Polk Awards Honor Pandemic Reporters


Three CNN journalists — the reporter David Culver, the producer Yong Xiong and the photographer Natalie Thomas — received the foreign reporting award for work on the virus’s initial strike in Wuhan, China.

The award for magazine reporting recognized Katie Engelhart for an August article in California Sunday Magazine about the Kirkland, Wash., nursing home that was the site of the first deadly Covid-19 outbreak on American soil. In October, California Sunday Magazine suspended publication.

Two awards went to reporters who revealed failures in the federal government’s response to the pandemic. Dan Diamond of Politico won in health reporting for several articles, including stories on the Trump administration’s attempts to cut back on testing and meddle with the Centers for Disease Control. And Matthias Gafni, Joe Garofoli and Tal Kopan of The San Francisco Chronicle won the military reporting prize for work that included a scoop on the Navy’s punishment of the captain of the U.S.S. Theodore Roosevelt, who sought to evacuate nearly 5,000 sailors to protect them from an outbreak.

A special prize was given posthumously to Regina Martínez, of the Mexico City magazine Proceso, and to the investigative-journalism collective Forbidden Stories, which reported last year that authorities had stymied an investigation into Ms. Martínez’s death in 2012 while she was reporting on disappeared persons in the state of Veracruz.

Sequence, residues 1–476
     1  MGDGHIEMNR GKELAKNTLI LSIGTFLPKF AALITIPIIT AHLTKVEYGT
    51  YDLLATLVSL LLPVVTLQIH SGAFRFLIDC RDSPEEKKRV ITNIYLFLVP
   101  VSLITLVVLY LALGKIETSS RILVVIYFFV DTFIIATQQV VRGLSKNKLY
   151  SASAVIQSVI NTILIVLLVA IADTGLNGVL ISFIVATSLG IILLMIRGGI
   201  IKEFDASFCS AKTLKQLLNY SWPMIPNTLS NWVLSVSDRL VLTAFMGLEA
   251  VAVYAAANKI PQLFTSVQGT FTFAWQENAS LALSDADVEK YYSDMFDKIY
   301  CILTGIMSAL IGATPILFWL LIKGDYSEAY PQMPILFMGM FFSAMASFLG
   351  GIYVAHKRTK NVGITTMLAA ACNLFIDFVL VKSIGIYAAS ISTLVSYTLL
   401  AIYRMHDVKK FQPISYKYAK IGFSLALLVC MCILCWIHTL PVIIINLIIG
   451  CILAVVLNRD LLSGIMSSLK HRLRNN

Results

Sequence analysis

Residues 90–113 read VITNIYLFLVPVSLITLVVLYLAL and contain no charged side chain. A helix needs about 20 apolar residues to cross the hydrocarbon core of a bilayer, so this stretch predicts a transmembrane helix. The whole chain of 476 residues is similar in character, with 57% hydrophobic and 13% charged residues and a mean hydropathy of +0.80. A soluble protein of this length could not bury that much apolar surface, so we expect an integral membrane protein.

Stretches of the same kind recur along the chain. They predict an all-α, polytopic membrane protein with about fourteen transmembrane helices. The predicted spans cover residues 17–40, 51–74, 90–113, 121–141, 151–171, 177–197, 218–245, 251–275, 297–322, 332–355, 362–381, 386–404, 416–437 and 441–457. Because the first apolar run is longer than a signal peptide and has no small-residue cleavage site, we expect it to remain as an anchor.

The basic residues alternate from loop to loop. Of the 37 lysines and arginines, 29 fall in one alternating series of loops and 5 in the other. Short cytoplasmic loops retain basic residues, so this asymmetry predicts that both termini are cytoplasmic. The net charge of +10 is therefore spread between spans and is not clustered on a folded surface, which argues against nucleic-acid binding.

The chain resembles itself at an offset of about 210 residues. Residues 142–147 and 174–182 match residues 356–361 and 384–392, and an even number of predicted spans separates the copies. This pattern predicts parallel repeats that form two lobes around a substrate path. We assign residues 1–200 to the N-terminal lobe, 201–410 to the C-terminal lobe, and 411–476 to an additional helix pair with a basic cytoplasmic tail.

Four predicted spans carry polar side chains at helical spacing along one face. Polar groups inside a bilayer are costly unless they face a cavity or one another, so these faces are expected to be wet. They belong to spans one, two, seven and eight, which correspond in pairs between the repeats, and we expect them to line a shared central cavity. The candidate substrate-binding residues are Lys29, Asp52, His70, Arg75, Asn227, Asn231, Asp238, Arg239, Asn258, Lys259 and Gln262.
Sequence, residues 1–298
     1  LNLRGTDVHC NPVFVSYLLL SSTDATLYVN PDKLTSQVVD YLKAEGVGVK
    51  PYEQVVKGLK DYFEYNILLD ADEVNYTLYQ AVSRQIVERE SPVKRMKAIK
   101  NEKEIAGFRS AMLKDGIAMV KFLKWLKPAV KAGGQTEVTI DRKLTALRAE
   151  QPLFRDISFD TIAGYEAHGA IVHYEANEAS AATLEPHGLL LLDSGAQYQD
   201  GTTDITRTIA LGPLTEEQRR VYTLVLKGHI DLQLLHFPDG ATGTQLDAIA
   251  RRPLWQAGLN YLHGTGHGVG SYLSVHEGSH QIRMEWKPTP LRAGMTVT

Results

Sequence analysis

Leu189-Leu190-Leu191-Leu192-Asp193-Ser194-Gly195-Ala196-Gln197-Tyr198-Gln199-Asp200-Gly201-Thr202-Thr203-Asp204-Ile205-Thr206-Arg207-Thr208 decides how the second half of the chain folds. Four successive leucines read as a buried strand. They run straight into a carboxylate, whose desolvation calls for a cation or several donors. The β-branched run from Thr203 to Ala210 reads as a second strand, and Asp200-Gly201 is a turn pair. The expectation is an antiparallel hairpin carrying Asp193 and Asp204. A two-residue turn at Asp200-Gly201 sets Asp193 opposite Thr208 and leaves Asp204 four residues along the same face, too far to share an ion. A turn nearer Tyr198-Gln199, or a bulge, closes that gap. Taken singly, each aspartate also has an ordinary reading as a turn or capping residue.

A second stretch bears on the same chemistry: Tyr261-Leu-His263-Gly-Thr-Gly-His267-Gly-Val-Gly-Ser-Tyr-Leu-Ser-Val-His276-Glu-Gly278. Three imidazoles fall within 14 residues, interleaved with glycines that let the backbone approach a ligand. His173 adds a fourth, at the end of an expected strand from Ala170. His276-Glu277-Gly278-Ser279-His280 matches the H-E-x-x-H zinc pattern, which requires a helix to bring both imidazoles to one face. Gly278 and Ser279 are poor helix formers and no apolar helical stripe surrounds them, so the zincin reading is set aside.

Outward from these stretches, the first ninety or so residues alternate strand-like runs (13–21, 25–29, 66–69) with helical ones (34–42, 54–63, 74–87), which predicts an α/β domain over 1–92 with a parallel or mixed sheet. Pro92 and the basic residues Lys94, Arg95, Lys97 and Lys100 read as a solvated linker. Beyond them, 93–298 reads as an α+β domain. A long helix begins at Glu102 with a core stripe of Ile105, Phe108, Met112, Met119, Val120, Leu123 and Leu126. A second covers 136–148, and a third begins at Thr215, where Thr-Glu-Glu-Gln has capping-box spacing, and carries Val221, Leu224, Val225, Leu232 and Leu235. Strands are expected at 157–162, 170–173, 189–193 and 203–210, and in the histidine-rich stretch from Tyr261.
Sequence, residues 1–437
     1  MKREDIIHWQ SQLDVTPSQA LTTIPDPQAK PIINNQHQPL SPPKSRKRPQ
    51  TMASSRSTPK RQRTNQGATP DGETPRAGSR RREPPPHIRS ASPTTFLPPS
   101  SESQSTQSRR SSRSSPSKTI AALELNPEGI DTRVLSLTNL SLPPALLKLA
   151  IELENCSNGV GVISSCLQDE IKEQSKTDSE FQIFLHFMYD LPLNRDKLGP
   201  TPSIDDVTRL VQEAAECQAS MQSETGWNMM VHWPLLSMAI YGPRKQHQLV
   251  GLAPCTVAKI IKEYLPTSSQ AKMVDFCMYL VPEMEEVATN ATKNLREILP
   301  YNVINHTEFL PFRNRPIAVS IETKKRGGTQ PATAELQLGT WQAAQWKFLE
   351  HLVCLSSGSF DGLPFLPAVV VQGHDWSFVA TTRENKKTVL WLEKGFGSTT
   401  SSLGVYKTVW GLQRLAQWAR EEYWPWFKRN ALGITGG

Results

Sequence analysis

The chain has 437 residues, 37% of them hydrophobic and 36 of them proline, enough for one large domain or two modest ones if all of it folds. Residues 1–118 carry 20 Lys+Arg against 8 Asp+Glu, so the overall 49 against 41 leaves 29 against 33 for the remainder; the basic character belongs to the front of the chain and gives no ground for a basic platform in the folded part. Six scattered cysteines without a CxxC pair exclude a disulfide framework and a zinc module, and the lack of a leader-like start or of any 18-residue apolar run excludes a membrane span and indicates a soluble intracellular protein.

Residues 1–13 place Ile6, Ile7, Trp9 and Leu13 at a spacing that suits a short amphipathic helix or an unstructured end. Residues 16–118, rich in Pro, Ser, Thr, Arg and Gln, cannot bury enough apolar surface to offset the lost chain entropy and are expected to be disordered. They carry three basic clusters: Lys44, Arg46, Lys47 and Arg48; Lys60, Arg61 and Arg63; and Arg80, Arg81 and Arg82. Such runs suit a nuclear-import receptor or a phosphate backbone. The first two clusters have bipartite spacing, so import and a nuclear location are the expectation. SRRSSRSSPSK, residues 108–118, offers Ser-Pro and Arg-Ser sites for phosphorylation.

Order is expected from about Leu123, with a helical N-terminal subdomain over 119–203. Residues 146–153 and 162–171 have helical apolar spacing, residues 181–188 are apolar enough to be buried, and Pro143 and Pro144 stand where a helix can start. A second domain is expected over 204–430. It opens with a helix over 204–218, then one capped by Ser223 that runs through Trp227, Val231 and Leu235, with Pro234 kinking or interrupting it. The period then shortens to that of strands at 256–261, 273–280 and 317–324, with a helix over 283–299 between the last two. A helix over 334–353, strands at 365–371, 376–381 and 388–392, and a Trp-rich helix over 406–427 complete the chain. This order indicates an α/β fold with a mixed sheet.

Several other awards honored work that described racism in the United States and a summer of protests. The New Yorker’s Luke Mogelson won the national reporting award for three articles that portrayed Black Lives Matters activists in Minneapolis, militia members in Michigan and activists on the left and the right in Portland, Ore. The television reporting award went to Roberto Ferdman of the Vice Media show “Vice News Tonight” and his crew for their coverage of the Louisville nurse Breonna Taylor, a Black woman whose death at the hands of police this year galvanized protesters across the country.

ProPublica won the health reporting award for a pair of series on communities disproportionately affected by the pandemic: meatpacking workers and Black Americans. The staff of The Minneapolis Star Tribune took the local reporting award for its coverage of Mr. Floyd’s death and its aftermath.

Robert Lee and Tristan Ahtone of High Country News, a magazine based in Paonia, Colo., won the education reporting award for a series, two years in the making, on 11 million acres of land seized from Native Americans by the federal government and made into campuses for 52 land-grant universities across the country.


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